Dave Gorman: Dave Gorman’s Googlewhack! Adventure – review

Authdavegoror: Dave Gorman
Publish Date: 2004

Genre: Non-fiction, documentary comedy

Audience: Teens and up

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I had been excited to read this book ever since I read ‘Are You Dave Gorman?’ back in January this year, but I had always been reading something more current. Recently, however, I decided I needed a quick, light-hearted book to read that I know I would love, and thus I found myself embarking on another Gorman journey.

Thankfully, ‘Dave Gorman’s Googlewhack! Adventure’ did not disappoint. Gorman’s second book follows him around the world as he tries to achieve meeting a chain of ten Googlewhacks, providing each new Googlewhack gives him another two Googlewhacks in order to carry on the chain. In case you weren’t aware, a Googlewhack is a Google search query containing of only two words which produces exactly one hit. So yeah, pretty strange, but certainly very, very memorable.

One thing I absolutely adore about this book is Gorman’s writing style. The whole book is extremely easy to read from start to finish, and the comedic timing is constantly spot-on – something which clearly comes naturally with being a comedian. In addition, Gorman writes exactly how he speaks which not only adds to the comedic style, but creates a relax atmosphere throughout, making it seem as if he is recanting his tale to an old friend.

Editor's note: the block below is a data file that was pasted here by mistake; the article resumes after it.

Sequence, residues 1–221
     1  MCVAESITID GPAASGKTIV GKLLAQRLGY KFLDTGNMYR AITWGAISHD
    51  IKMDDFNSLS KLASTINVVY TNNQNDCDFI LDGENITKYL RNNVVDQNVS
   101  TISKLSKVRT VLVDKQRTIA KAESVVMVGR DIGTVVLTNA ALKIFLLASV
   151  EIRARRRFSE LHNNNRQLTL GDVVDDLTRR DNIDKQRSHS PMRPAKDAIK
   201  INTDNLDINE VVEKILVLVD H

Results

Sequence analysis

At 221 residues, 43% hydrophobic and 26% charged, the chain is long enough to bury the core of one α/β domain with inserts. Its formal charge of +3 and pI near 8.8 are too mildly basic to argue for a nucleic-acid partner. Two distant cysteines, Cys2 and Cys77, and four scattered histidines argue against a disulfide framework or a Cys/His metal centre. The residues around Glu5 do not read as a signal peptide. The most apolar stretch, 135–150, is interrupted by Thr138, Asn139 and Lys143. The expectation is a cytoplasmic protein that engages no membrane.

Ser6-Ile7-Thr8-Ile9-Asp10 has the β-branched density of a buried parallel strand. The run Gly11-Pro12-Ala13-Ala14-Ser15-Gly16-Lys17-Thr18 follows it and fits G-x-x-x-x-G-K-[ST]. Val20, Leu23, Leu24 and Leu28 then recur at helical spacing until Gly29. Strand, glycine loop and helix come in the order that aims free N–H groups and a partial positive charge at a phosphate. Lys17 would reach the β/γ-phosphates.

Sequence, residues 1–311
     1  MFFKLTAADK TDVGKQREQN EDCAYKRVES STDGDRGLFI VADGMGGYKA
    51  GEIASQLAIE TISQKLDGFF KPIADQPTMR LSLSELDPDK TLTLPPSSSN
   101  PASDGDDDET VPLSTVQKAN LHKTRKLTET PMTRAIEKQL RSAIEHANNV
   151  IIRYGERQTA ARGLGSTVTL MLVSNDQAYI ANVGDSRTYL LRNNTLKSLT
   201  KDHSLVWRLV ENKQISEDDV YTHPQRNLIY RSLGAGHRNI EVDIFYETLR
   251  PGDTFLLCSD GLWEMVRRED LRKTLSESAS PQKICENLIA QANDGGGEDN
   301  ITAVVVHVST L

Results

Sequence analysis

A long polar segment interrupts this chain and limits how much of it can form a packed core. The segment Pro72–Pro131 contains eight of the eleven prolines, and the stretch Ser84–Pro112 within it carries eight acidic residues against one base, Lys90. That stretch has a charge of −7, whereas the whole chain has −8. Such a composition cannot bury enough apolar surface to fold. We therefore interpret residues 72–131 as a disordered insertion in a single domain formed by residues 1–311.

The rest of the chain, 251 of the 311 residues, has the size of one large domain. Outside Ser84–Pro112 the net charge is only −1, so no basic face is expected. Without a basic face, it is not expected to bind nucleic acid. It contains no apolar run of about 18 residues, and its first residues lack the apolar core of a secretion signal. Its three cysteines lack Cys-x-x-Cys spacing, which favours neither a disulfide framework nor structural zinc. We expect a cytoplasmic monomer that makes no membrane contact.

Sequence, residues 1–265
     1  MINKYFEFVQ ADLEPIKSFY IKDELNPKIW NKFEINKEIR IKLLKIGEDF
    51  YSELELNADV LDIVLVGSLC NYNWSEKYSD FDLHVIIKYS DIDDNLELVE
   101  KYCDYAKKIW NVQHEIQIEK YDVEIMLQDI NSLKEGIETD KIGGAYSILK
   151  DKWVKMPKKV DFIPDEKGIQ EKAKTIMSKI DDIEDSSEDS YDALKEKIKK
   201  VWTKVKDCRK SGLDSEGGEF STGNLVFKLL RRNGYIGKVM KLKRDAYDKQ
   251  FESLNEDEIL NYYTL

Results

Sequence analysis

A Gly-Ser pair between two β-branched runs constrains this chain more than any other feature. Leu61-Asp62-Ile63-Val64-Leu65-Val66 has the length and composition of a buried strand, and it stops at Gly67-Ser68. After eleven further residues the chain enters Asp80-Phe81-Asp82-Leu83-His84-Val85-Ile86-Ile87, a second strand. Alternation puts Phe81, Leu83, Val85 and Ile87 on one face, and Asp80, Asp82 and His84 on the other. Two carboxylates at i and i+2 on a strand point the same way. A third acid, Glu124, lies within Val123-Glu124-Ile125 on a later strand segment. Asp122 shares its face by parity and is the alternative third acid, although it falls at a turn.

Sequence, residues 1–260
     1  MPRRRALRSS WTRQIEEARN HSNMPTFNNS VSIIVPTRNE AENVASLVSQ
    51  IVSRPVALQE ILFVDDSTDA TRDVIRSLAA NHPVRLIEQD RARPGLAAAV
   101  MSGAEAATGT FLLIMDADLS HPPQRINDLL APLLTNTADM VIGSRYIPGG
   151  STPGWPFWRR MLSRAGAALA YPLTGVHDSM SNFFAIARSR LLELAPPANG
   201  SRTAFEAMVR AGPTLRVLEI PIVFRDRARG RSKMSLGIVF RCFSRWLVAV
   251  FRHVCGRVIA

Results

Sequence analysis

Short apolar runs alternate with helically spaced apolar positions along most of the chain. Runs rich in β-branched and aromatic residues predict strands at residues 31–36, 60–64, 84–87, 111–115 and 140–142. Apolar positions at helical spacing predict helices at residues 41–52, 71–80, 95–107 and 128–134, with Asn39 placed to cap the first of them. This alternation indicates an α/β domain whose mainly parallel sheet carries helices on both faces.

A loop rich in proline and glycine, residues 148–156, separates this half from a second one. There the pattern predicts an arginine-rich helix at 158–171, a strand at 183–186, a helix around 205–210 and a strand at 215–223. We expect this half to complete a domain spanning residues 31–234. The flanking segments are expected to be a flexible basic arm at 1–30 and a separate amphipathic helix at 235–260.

Once again, the tale is completely and utterly absurd, and there were the occasional moments when I had to reread paragraphs to contemplate the sheer stupidity of the situation! However, this only added to the book’s charm and I could never wait to read more and see how far the insanity would go. Furthermore, Gorman is entirely raw throughout, illustrating his highs and lows with the same depth, meaning you as a reader feel elated and downhearted at all the right moments.

Despite giving it five stars, I do have some minor criticisms. Seeing as the books centres around the internet and Google, it was rather outdated at times, particularly when Gorman was fascinated at the concept of WiFi; however, the date cannot really be accounted into the book’s value, and it did make me ponder about how fast technology has advanced. Also, the structure of the book did get fairly cyclical and repetitive as Gorman was meeting a new Googlewhack, emailing new Googlewhacks, travelling to new Googlewhacks, repeat…But again, this is something which cannot be helped due to the whole point of the tale, and to Gorman’s credit, the description of encounters did begin to shorten as the book progressed.

Overall, ‘Dave Gorman’s Googlewhack! Adventure’ is a highly entertaining read and one which I am not likely to forget any time soon. Gorman’s tale is not only endearing and heart-warming, but incredibly inspiring in the oddest sense possible. I simply cannot wait to read more Dave Gorman in the future to see what absurdity he gets up to next!

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